I opened my eyes to the morning light. Except…there was none. Wrought with early-morning brain fog, I sat up, trying to make sense of my surroundings, and the constant flow of terrified cries that slithered into my ears. “Gah!” I cradled my head as an unbearable ringing assaulted my ears, but the movement of my wrists only made it worse.
I sat still, hunched over and face buried in my palms, until the aching in my head stopped. I cracked an eye open and glanced at the heavy cuffs sitting tight around my wrists, and the thick chains that connected me to the wall. Their dull shine caught the dim light that poured through the slender windows at the ceiling. I squinted, trying to understand the sight above me. Was I in a basement?
I stood, my hands brushing the walls on either side of me. I looked around and felt my head brush against the ceiling. I was in a tiny, dead-end hallway, barely able to move.
Three steps and I was at my limit—the chains grew taut. That was all I needed, though. The bright shimmer on the floor ahead of me had stolen my attention. It was a key, perfectly fitted to my cuffs.
An unending echo of shrill metal against a concrete floor bounced from wall to wall as I rubbed my wrists. They were suddenly light, nimble.
What was on my hand?
Though the light was dim, it was unmistakable. On the back of my right hand, the number ‘5’ was printed in my skin. I rubbed the edges. No smudges, no smears. A tattoo? I didn’t remember getting one, but then again, I didn’t remember why I was in a basement.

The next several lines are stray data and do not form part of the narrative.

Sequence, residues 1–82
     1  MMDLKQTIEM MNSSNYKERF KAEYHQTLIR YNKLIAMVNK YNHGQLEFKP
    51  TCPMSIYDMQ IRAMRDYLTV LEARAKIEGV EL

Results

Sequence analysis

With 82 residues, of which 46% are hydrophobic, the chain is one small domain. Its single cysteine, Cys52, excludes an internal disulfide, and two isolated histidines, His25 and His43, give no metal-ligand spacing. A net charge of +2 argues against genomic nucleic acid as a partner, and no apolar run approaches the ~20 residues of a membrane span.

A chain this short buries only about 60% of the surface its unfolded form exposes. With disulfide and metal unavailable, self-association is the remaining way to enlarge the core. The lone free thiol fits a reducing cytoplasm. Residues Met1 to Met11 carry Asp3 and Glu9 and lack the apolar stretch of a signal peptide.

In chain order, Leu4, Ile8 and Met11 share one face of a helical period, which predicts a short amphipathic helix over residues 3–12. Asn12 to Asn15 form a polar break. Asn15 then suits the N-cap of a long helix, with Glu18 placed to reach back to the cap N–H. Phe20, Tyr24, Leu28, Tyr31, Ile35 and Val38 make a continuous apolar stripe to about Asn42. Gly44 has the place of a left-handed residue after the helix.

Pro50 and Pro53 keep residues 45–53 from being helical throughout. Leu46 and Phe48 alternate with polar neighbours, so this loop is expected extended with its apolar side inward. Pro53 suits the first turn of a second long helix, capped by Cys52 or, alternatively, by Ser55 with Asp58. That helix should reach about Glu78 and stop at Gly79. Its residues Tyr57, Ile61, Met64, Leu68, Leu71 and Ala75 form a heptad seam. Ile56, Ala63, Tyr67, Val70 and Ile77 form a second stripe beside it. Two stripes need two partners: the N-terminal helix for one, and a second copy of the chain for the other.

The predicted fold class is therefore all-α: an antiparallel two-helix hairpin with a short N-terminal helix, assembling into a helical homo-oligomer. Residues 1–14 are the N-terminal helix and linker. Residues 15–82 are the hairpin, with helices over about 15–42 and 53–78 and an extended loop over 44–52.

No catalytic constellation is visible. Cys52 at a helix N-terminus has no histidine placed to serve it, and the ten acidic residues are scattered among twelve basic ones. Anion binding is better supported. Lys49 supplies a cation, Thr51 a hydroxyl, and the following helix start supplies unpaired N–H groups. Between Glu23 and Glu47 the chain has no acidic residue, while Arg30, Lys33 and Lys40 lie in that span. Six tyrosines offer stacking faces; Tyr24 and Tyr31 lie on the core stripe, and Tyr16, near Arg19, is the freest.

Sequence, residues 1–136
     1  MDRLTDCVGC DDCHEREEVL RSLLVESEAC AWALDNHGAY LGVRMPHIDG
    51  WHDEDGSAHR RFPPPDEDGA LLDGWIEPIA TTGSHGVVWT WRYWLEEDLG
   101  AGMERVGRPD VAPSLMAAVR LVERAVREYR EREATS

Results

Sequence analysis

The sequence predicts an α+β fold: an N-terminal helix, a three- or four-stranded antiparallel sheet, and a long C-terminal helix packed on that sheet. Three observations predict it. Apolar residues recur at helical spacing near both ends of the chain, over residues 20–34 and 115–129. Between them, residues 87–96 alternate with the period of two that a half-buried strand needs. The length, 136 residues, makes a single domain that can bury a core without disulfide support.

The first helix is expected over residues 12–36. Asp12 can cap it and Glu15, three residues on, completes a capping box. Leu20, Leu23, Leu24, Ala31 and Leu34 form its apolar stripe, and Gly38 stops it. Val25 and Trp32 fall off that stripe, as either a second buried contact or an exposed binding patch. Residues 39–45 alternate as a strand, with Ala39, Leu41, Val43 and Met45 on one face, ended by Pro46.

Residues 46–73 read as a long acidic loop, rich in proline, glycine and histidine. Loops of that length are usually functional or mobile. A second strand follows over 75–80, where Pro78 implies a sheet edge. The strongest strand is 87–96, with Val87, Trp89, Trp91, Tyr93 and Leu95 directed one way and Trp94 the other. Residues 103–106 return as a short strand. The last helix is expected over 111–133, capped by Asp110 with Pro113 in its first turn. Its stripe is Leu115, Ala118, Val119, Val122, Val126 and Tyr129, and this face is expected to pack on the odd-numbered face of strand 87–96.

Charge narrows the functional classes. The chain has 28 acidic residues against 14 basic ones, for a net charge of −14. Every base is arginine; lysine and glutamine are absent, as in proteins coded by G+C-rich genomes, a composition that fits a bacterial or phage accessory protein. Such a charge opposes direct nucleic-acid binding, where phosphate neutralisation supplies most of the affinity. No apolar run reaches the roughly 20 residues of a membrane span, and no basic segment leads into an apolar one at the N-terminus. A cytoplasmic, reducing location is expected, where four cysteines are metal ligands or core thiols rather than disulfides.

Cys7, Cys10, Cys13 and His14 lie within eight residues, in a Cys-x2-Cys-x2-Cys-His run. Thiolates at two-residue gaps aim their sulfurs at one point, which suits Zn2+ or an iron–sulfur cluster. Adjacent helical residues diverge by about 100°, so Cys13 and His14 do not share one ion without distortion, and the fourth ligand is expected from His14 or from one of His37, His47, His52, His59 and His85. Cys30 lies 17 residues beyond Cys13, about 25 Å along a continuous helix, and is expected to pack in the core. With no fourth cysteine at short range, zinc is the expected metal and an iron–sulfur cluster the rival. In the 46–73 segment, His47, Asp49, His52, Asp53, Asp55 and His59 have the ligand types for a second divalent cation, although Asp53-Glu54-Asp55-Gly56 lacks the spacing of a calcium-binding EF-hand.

With the key in my pocket, I wandered, taking hallways, dipping into smaller hallways, sometimes crawling on my hands and knees, but always feeling my own hot breath bounce off the walls and into my face. Each sound I made echoed as if a chorus of microphones was following my every move, but never overshadowed the cries, screams, pleading whispers for it to stop.
And then I came to a room, a toddler’s height at most, and littered with doors. Some boasted heavy duty locks, others with nailed wooden boards, and yet others with no handles at all. No matter their differences, all were locked.
I froze. From one of the doors came the ripping scream of a woman, terrified, gurgling, silent.
I couldn’t bring myself to move, overcome with anxiety. The horrible sounds echoed for hours, never fully crawling out of my ears.
Finally, I forced movement into my legs and crawled to the nearest door. I jammed my key into its lock, but before I turned it, I listened. On the other side of the door was breathing, erratic, just like mine. With trembling hands, I pulled the key from the lock and slipped it back into my pocket.
Across the room, a mechanical lock shone green, and a door opened but a crack. I waited, I’m not sure how long, but as the wails of pain grew louder, I cautiously poked my head into the corridor. It was brighter, lined with doors, and I could stand up straight. Each door fell away beneath my grasp, finally opening. But…the floors were littered with sights that turned my stomach. Blood, blood, bones, blood.
“Why?” I whispered, stepping away from a doorway with the mutilated body of a man lying inside. “Five…Why five?”
At the end of the hall.
Was the shadow of a woman.
She stood, hunched, with something long, slender, in her hand. Sharp.
The door shut behind me, and erratic breathing dusted my ear.
“Fifth…” I whispered.